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Old 17-07-2010
piyush123
 
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Operating Systems concepts?

I'm teaching myself from what I find online, I found a few questions that I was hoping someone could help me answer.

1. Memory allocation and garbage collection are appropriate topics in both a programming languages course and an operating systems course. What makes them particularly relevant to an operating systems course like this one?

2. Should memory be assigned in contiguous blocks or not? Does the existence/use of virtual memory make any difference?

3. The number of address bits in a machine instruction is related to the amount of memory that can be addressed. Explain.

4. Disks can be used to store files, spool input and output, and keep virtual memory, and potentially other things. The disk scheduling algorithms discussed in the textbook seem to be oriented to just one of these uses. How could you build on or improve that?

5. Why does disk arm movement scheduling play such an important role in disk scheduling?

6. What does it mean for a file system to be journaled?
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Old 20-04-2011
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Join Date: Nov 2009
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Re: Operating Systems concepts?

1. Memory allocation and garbage collection are appropriate topics in both a programming languages course and an operating systems course. What makes them particularly relevant to an operating systems course like this one?

The major work on an OS is to manage the memory need of the computer. So if you are using a multi user system then this becomes an important part. Most of the user are using computer at the same time and also consumes that amount of memory. As a simple example think that there are around 6 to 7 people using a same table for paper work. So the first user when come next days does not found on his work due to heaps of paper. Here the Table is the Desktop and this is the thing which an operating system manages. This is were your question is answered.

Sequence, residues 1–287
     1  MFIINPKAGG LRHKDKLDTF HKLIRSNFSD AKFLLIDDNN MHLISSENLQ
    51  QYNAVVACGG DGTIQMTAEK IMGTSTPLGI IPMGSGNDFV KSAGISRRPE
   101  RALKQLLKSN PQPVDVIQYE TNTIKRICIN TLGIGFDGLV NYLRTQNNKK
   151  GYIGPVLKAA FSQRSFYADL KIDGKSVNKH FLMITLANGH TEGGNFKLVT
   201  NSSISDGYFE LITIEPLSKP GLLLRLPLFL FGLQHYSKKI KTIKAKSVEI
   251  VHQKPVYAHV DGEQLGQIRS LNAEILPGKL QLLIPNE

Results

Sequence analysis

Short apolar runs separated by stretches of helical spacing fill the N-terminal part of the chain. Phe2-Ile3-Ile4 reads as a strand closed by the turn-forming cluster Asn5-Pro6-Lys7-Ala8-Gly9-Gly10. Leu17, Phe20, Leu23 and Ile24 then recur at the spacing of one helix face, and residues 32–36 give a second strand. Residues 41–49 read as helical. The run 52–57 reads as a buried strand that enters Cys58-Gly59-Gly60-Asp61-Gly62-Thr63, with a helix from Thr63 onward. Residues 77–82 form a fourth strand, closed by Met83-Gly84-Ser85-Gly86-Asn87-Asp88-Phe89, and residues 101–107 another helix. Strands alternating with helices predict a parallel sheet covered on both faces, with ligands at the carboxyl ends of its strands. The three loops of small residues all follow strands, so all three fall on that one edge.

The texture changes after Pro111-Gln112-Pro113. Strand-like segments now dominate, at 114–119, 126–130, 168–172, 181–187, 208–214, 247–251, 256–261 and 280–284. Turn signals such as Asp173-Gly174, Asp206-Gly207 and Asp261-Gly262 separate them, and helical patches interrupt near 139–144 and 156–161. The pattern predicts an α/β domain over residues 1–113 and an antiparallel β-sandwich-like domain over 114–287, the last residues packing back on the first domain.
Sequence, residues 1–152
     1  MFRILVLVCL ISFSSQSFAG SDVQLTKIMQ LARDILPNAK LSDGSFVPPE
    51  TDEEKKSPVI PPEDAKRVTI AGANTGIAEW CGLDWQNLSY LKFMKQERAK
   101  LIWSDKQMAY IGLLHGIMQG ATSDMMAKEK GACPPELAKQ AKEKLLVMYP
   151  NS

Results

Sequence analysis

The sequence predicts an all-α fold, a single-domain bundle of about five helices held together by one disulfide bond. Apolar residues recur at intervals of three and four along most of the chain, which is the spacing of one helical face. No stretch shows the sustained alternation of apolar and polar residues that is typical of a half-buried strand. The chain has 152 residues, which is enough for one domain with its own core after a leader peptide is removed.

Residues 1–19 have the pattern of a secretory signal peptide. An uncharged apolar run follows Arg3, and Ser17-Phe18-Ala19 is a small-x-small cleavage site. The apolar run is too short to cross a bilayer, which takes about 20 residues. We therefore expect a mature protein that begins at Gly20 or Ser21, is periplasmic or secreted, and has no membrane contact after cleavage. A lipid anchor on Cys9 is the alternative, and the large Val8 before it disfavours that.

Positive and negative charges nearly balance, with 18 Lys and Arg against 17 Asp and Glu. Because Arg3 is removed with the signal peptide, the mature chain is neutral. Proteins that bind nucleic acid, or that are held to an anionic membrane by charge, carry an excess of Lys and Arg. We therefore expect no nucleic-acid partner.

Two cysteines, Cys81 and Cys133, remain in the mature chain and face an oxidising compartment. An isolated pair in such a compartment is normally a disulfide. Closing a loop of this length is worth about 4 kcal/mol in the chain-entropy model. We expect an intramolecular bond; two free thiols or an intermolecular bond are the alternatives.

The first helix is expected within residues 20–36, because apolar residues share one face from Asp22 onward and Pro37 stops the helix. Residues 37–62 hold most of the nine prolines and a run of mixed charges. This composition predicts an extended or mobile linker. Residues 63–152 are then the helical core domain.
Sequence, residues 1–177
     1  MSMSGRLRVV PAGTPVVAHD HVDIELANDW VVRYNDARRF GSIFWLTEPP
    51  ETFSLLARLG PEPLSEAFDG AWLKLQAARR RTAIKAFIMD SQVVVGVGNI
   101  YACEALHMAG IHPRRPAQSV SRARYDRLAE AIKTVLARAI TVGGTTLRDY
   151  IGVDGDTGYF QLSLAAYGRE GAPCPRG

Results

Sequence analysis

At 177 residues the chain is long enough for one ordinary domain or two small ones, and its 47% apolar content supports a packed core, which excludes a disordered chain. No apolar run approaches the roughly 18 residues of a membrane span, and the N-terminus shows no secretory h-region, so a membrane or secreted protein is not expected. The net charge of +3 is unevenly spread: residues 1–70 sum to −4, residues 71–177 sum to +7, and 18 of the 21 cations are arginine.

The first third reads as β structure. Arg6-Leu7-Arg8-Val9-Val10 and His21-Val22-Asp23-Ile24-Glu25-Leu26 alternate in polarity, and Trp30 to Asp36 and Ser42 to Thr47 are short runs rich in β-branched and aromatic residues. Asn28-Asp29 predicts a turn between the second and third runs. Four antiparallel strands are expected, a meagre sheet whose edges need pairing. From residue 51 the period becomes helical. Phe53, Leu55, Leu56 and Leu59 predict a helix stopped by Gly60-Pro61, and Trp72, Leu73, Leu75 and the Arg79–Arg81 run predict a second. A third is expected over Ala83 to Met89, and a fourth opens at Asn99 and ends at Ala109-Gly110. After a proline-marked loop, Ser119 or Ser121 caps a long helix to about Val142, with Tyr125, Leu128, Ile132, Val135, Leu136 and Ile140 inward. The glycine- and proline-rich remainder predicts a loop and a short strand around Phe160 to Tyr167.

2. Should memory be assigned in contiguous blocks or not? Does the existence/use of virtual memory make any difference?

Virtual memory plays a vital role in initiation your operating system performance. Here how it works. The data is processed by cpu and then stores in cpu cache which is then managed by ram and then for later use kept in the virtual ram. Imagine if there is no virtual ram and continuous blocks to ram would led to your system freeze. This relatively important for those who works mostly on data transfer services.

3. The number of address bits in a machine instruction is related to the amount of memory that can be addressed. Explain.

In an system the memory address is an kind of an identifier for memory location. This is the place where the a computer application or a hardware keeps the data and then receive the same back. This is in a form of binary number which is describe by the ram itself. Now in modem system which are mostly byte-addressable computers every address recognize the single byte of storage. If data ha a big size then those single byte are replaced by multiple and in this way they keep occupying the space. The absolute address in a system is actually the memory address which looks for the location inside a ram. This the way by which the performance is counted on the basis of ram size.

4. Disks can be used to store files, spool input and output, and keep virtual memory, and potentially other things. The disk scheduling algorithms discussed in the textbook seem to be oriented to just one of these uses. How could you build on or improve that?

That is correct to most extent. The empty space in the disk is nothing but a kind of space which can be transferred to virtual ram or page file. You know one thing the ram comes with size like 1GB, 2GB, 4GB, etc. So the system has that much of dedicated space to hold the processed data. And then the data for future use is posted on the virtual ram which is wiped on boot. Sometime larger disk space helps yout to initiate the speed of an operating system.

5. Why does disk arm movement scheduling play such an important role in disk scheduling?

Now there are number of algorithms for this. I will discuss on Elevator Algorithm for this. Here is an basic information how disc scheduling works. There are four processes in that. The first one is it checks that whether there is an input or output. Second the disk address for the transfer, third process is memory address for transfer and the last is number of bytes to be transferred. Here you can get a basic overview of working. In Elevator the first request is firstly served. There other more which can put highlight on the same like Anticipatory scheduling, CFQ, Deadline scheduler, # FIFO, FSCAN, I/O scheduling, LOOK algorithm, N-Step-SCAN, Noop scheduler and Shortest seek first.

6. What does it mean for a file system to be journaled?

Journaling a file system means that the file system on the drive has s record of whatever changes are make in the journal. There is an kind of log which is situated in a dedicated part of file system. This is saved before doing any changes to the main file system. The best part of journaling a file system is that when your system crashes or corrupted then it is becomes much faster and easier to bring the system back online.
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